Friday, December 11, 2015

Mars Presents Busch, JGR With Championship Mural

To congratulate Kyle Busch, Joe Gibbs Racing and the No. 18 team on an amazing season culminating in Busch capturing his first-ever NASCAR Sprint Cup Series Championship, Mars Inc. presented the team with a mural, created entirely from the Mars products that have gone along for the ride on the No. 18 this season.  
Crafted from thousands of M&M’S, Skittles, Snickers and Pedigree products, the seven-foot mural took more than 80 hours to create and replicates an iconic image captured immediately after Busch clinched the 2015 NASCAR Sprint Cup Series Championship at Homestead-Miami Speedway. The mural was presented to Busch and the JGR team on Thursday evening, to commemorate the team’s first Sprint Cup Series Championship.  
“From running on the M&M’S “Crispy Edge” for the win at Kentucky, to tasting the rainbow of victory with Skittles at Indianapolis to the final weekend in Miami, this has been a season Mars will never forget,” said William Clements, Vice President of Sponsorships for Mars. “It has truly been an honor for Mars to be a part of the team and join in tasting the success of the 2015 NASCAR Sprint Cup Championship.” 
The mural will take up permanent display at the Joe Gibbs Racing shop in Huntersville, NC. 


  1. On Thursday the Northeast Modified racing community was rocked by the news of the death of New England Racers Hall of Fame member Ron Bouchard.
    Friday Modified Racing lost another Hall of Famer with the death of longtime and legendary Modified team owner Joe Brady.
    Brady was killed Friday in Stoughton, Mass. while walking across the street outside of his business after he was struck by a driver allegedly under the influence of drugs.
    Brady, of Taunton, Mass., was 71 years old.
    In Modified racing circles Brady was long known for doing a lot with a little and fielding cars for some of the best Modified drivers in the business.
    Among the drivers who had driven for Brady at one time or another were Bugsy Stevens, Leo Cleary, Bob Santos, Ken Bouchard, Steve Park and Ted Christopher to name a few. Even short track legend and longtime Sprint Cup Series driver Dick Trickle drove for Brady.
    He won races as a team owner over five decades.
    “The thing that I remember about Brady the most was the people who drove his racecars,” New England racing historian Pete Zanardi said. “… He really really built good equipment. He built these cars that attracted outstanding racecar drivers to drive them. … That would be the testimony to how good he was.”
    In recent years Brady was best known for fielding his familiar No. 00 cars for Christopher, often at the World Series at New Smyrna (Fla.) Speedway and in many special events and Valenti Modified Racing Series shows.

    Brady and Christopher won three New Smyrna championships together.
    “I won a lot of races together with that guy,” Christopher said. “He was great to race with. From New Smyrna we won so many championships and races. We’ve done a lot together and won a lot of races together. He was such a great guy. Joe didn’t really have a lot of money, but the car was always a great racecar. I don’t know how many races we know at New Smyrna. We always ran good and won races together. It was definitely always a fun time racing with Joe.”
    Brady was inducted into the New England Racers Hall of Fame, which is overseen by the New England Antique Racers, in its 2008 class.
    “I was really happy when he went into the Hall of Fame,” Zanardi said. “I’ve often thought that car builders don’t get the credit they deserve. We couldn’t have a sport without somebody building the racecars. And there’s plenty of evidence that he was really one of the best car builders by the fact of who drove his cars. He was successful everywhere that he went. He’s got wins everywhere. What Teddy did at New Smyrna in his car was amazing.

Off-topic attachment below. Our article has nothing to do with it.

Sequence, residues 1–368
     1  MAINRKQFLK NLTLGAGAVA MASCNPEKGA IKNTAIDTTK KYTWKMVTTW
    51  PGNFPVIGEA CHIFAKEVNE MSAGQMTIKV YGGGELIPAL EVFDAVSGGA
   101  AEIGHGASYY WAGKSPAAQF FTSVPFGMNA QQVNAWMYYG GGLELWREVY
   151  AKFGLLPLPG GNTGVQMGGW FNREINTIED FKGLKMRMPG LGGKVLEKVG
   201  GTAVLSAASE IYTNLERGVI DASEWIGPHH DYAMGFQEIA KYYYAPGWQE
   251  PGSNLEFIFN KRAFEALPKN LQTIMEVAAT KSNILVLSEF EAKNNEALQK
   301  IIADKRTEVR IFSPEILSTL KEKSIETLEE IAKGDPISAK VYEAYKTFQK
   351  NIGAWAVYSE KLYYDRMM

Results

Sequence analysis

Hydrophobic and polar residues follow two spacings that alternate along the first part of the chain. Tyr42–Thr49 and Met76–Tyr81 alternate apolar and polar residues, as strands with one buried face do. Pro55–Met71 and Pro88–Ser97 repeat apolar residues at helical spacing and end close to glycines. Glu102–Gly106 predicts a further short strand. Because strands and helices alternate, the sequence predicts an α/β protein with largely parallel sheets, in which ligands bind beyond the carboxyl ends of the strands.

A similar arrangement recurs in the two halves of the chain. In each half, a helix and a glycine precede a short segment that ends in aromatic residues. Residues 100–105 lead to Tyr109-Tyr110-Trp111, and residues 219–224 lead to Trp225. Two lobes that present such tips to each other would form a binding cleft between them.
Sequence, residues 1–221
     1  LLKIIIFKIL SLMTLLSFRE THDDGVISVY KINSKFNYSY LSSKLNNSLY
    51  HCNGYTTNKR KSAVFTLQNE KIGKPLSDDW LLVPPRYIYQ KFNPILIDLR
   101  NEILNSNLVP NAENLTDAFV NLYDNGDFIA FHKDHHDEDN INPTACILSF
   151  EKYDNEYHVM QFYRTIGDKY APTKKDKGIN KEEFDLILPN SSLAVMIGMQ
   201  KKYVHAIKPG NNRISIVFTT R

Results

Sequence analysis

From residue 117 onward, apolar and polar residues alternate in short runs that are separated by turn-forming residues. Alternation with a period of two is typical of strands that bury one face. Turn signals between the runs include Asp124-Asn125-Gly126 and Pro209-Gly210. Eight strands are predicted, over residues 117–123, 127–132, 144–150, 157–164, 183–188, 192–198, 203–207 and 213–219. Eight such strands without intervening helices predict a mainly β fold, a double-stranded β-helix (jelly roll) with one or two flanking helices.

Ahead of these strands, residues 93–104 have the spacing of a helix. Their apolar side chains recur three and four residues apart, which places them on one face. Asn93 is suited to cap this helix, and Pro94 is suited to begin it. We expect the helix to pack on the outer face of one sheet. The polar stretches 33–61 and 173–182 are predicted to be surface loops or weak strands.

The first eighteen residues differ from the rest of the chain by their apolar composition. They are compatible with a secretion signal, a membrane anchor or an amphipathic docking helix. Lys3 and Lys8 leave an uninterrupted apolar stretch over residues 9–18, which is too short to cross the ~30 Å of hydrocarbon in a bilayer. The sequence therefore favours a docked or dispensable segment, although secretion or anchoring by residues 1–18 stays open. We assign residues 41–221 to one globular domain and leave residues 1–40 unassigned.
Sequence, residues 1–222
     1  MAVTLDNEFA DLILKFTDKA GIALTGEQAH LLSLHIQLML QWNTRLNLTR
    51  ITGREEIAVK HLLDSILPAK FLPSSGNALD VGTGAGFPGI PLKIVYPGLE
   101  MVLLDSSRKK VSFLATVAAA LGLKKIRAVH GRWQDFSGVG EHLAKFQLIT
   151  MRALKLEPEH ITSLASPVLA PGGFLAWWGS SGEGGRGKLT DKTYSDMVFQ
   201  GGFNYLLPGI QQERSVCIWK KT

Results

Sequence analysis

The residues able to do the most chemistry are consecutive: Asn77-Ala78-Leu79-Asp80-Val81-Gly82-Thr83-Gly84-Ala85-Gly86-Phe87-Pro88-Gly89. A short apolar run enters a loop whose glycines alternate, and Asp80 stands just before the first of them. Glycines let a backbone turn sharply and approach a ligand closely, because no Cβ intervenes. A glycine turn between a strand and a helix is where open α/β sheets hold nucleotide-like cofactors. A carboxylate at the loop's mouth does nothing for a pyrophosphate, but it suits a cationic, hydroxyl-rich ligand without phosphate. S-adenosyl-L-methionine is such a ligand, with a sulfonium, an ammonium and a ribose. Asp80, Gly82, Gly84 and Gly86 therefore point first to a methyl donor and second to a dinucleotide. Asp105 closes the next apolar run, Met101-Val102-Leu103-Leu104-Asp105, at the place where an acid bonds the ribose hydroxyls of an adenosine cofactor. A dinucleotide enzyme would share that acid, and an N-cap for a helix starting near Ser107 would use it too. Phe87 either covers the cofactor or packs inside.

“He was very loyal to people. Inside and outside the sport, he was loyal to his friends. And really low key. In a sport that featured a lot of noise and giant personalities he was really low key. He didn’t make a lot of noise. You could have fun with him, he was quick-witted, but generally he was pretty quiet, just laying back there doing great things. It’s really a shame.”
    According to a report from the Stoughton Journal, Brady was walking across Route 27 near 630 Park St. at about 8:35 p.m. Friday when he was struck and killed. The driver of the car, 33-year old Michael Burns, was determined to be under the influence of drugs according to the Stoughton Journal report and was charged with drugged driving.
    Brady was walking across the street to the Christmas Tree sales lot he operates this time of year outside of Brady Enterprises.
    “My husband parked the car across the street because there were other people there getting trees,” Brady’s husband Linda Brady told the Stoughton Journal. “He walked across the street, there was nothing coming, and, all of a sudden – boom. It knocked him far.”
    Brady was flown by medical helicopter to Boston Medical Center but later died.

  2. Anonymous10:16 AM

    Champion. For now and forever. Many drivers go decades chasing 'the rainbow' of a championship. None have ever done it quite like Kyle. In the end, it was a great story. A fitting trophy if you may. Now let's hope they keep it in a glass case so critters and fingers can't get it.

  3. Kyle showed himself as a Champion coming back from a horrific accident that could have been a disableing accident. Showed true grit and a competitive attitude that paid off at the end. Kyle will be a great champion. Ambassador for Nascar.

  4. Kyle showed himself as a Champion coming back from a horrific accident that could have been a disableing accident. Showed true grit and a competitive attitude that paid off at the end. Kyle will be a great champion. Ambassador for Nascar.